Mars once had intelligent alien life but it was wiped out in a nuclear attack by another civilisation, a physicist has said.
John Brandenberg, author of Death on Mars: The Discovery of a Planetary Nuclear Massacre, due for release next year, says two Martian civilisations known as the Cydonians and Utopians were killed by another, unidentified alien race.
He said there is evidence to support his claims – many of the nuclear isotopes in the Red Planet's atmosphere resemble those from hydrogen bombs released on Earth.
Publishing his findings in the forthcoming edition of the Journal of Cosmology and Astroparticle Physics, Brandenberg says the composition and colour of Martian soil is consistent with mixed fusion-fission explosions.
He writes: "The high concentration of Xenon-129 atmosphere, the evidence from Krypton-80 and the detected pattern of excess abundance of Uranium and Thorium on Mars surface, relative to Mars meteorites, first seen by the Russians and now confirmed by the Mars Odyssey Spacecraft Gamma Ray Spectrometer, mean that the surface of Mars was apparently the site of massive radiological events, which created large amounts of signature isotopes and covered the surface with a thin layer of radioactive debris enriched in certain elements relative to its subsurface rocks.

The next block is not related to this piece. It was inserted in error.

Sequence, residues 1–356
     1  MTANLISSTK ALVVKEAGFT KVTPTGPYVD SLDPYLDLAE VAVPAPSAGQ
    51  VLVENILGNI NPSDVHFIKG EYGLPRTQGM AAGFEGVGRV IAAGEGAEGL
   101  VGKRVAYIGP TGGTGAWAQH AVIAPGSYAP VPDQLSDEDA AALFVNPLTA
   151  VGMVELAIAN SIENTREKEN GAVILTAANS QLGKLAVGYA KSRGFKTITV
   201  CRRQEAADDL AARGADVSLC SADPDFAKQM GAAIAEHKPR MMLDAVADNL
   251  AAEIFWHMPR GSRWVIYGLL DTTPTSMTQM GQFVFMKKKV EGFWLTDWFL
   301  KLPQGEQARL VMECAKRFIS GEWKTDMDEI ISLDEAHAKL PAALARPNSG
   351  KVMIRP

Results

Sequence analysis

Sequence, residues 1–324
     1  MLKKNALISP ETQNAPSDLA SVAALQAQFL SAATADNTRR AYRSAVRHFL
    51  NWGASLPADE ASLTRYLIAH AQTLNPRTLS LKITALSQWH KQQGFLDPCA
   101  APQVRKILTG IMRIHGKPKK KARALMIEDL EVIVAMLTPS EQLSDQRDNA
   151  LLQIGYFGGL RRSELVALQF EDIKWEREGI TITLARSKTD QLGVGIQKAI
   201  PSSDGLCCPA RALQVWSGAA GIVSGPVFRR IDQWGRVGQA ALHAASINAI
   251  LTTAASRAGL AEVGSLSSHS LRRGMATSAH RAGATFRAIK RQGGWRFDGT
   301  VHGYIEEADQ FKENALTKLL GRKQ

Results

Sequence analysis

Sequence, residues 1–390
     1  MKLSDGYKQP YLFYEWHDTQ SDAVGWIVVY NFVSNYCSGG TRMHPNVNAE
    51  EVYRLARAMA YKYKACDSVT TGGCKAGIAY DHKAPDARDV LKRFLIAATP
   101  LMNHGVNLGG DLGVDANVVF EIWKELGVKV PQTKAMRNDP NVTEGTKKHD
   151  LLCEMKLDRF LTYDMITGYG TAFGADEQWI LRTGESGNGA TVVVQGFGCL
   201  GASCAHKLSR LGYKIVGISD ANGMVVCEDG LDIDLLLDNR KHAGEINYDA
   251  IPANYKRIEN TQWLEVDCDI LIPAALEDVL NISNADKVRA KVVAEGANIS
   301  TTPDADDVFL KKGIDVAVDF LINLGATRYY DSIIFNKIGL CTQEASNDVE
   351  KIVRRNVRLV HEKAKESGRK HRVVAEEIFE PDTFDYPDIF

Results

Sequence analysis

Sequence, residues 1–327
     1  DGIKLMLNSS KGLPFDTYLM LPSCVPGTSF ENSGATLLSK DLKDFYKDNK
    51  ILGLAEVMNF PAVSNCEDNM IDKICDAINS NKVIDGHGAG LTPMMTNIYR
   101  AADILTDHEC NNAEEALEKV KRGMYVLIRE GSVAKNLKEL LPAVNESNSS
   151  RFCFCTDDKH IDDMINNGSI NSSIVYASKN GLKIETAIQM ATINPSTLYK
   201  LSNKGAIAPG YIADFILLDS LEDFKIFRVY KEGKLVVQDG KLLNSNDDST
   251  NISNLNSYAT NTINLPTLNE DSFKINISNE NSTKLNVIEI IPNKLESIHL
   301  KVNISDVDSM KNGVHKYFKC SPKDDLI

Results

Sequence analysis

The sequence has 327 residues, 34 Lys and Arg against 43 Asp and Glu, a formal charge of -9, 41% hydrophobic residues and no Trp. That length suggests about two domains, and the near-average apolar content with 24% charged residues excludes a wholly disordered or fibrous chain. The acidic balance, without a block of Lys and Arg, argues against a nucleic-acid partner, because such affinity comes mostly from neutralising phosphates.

"This pattern of phenomenon can be explained as due to two large anomalous nuclear explosions on Mars in the past."
Brandenberg has held his beliefs about life on Mars – and its violent end – for several years. In an interview in 2011 with Supreme Master TV he told how the two ancient civilisations were similarly advanced as the ancient Egyptians. He says the area in which they lived – which has archaeology on it – was targeted by another, external force.
In his latest paper, he said: "The existence of a dead humanoid civilisation on Mars is completely consistent with its apparent long-lived Earthlike past climate and the Principle of Mediocrity, the idea that humanoid intelligence is not exotic or miraculous, but is a natural consequence of any long lived Earthlike biosphere.
"This Martian civilisation apparently perished due to a planet-wide catastrophe of unknown origin that changed Mars climate from being Earth-like to its present state in a brief period compared to geologic time. However, what ended this civilisation, was it a massive nuclear attack?"
The physicist says the biggest danger to intelligent life is other, more advanced intelligent life. He notes that previously, astronomer Edward Harrison said older civilisations would wipe out younger ones as soon as they become detectable through radio broadcasts.
"The motivation for such genocidal actions would be to avoid later competition," he writes. "The discovery of dead civilisation on Mars, whose end was apparently catastrophic and due to unknown causes, reinforces our understanding that the cosmos can be a dangerous place and requires a vigorous response from the human race, to reduce the probability that we will perish the same way."